Monday, February 04, 2008

PGA Tour Sells Naming Rights to TPC San Antonio Courses

This isn't likely to have much impact except to the bottom line, but it's interesting because it's something that's rarely seen in golf. Selling naming rights to stadium and arenas is a given these days; and major corporations sign on as title sponsors to golf tournaments, tennis tournaments, college football bowl games and all kinds of other major sporting events.

But selling the naming rights to a golf course? Not very common.

That's what the PGA Tour has done, however, in San Antonio, with the two TPC courses now under construction that will be a part of the JW Marriott San Antonio Hill Country Resort and Spa. The two courses, one designed by Pete Dye, the other by Greg Norman, and both certain to be the new homes of the city's PGA Tour and Champions Tour tournaments, will be known as the AT&T Oaks Course and the AT&T Canyons course, the San Antonio Express-News reported.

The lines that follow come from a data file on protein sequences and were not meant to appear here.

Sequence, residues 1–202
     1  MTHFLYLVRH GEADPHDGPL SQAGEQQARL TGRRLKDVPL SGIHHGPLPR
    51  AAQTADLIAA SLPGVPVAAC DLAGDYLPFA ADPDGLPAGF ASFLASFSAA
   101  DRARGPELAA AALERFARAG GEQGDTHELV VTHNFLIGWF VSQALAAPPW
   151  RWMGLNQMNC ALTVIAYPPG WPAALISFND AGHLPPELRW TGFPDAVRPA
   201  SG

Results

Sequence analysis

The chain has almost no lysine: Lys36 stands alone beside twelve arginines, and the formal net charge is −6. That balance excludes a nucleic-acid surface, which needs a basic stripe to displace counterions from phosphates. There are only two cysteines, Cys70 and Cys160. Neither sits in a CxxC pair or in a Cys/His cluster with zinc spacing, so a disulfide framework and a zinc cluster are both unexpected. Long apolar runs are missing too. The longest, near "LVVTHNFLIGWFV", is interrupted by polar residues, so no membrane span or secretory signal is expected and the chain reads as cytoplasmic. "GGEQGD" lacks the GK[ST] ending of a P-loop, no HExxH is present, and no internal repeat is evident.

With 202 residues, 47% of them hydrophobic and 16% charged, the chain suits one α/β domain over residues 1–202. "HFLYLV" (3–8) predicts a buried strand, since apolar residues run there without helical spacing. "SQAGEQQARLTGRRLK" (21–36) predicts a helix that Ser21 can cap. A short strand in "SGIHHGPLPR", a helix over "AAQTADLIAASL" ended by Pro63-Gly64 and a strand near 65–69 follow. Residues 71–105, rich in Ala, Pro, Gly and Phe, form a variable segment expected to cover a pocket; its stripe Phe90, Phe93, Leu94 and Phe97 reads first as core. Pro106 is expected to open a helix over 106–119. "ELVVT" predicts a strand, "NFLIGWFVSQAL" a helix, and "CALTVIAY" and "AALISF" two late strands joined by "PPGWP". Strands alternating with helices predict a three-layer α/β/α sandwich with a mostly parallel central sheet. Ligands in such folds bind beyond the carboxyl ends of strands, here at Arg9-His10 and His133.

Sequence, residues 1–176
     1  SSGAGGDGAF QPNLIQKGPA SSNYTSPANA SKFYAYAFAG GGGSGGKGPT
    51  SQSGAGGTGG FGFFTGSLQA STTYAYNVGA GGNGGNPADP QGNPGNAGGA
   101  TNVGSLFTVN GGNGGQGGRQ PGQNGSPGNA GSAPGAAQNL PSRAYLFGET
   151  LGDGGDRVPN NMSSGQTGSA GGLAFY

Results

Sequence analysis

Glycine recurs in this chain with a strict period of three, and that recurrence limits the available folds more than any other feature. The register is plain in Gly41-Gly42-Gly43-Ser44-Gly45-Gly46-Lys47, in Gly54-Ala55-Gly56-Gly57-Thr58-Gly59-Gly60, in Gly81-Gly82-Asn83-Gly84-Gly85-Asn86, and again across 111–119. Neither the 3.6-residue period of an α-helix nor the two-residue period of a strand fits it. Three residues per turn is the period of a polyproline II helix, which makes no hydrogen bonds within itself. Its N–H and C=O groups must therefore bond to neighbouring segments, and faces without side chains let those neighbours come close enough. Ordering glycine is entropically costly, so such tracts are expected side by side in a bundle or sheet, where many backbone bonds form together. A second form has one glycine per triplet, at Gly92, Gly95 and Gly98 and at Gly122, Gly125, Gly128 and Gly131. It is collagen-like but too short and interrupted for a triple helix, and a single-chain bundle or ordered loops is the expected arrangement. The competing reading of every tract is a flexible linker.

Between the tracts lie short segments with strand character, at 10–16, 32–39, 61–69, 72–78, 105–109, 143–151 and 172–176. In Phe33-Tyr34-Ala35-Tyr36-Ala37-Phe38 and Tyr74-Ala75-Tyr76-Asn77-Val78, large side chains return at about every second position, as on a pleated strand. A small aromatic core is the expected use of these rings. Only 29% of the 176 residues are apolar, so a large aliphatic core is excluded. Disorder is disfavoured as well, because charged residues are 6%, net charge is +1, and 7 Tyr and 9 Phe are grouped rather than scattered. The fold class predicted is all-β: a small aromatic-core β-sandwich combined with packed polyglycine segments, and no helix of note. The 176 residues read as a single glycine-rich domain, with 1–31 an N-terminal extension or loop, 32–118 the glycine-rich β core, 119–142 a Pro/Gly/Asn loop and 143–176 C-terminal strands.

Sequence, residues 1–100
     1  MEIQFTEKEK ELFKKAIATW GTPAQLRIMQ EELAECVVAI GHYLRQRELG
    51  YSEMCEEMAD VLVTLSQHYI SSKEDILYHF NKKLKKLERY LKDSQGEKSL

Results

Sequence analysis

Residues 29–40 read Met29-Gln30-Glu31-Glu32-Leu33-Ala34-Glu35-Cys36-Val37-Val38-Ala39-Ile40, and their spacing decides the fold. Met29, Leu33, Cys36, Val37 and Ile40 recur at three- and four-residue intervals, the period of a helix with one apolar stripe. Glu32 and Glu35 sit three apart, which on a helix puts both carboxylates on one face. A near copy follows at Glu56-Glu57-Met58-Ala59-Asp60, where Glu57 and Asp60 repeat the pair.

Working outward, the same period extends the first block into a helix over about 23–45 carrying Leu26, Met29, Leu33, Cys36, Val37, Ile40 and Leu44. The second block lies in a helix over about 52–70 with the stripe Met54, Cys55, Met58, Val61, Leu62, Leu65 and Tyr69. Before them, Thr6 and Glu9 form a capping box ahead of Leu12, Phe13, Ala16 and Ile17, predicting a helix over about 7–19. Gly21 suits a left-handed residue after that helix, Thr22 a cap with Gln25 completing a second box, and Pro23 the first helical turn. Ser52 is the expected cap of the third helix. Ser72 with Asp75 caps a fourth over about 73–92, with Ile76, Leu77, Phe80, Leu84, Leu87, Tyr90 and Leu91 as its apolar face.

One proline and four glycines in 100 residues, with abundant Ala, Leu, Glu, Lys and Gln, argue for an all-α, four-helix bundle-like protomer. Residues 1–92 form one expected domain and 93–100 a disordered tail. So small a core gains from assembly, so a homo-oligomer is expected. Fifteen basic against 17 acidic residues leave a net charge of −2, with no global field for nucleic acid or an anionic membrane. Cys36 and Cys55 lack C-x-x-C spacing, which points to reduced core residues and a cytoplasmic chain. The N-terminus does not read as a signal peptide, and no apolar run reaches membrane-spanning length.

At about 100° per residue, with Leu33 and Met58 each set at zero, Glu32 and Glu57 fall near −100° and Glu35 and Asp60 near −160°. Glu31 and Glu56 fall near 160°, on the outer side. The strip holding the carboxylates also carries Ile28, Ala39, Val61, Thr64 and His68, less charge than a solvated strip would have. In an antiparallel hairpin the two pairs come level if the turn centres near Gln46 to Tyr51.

Officials with AT&T and PGA Tour wouldn't discuss financial terms of AT&T's sponsorship, but PGA Tour Director of Business Development Jody Brothers said the agreement would last "definitely more than 10 years."

"San Antonio is an important market to us," said Jamie Burke, AT&T vice president of brand integration. "Not just because it's our hometown. It also attracts visitors from around the globe. This is about our branding, but it's also about having a great way to showcase our products and services."

Will golfers visiting the resort notice anything other than the name? According to the newspaper:

AT&T will provide innovative phone, Internet and video services at the courses, Burke said. It could, for example, provide equipment that allows visitors to film their lesson with golf pros, then send digitized versions of their lessons to their home computers, she said.

"I could see a situation where there's wireless scorekeeping with hand-held devices out on the course," PGA Tour's Brothers said. "When the guest gets done, they'll realize they had a fantastic time, and AT&T was behind some of the programs."

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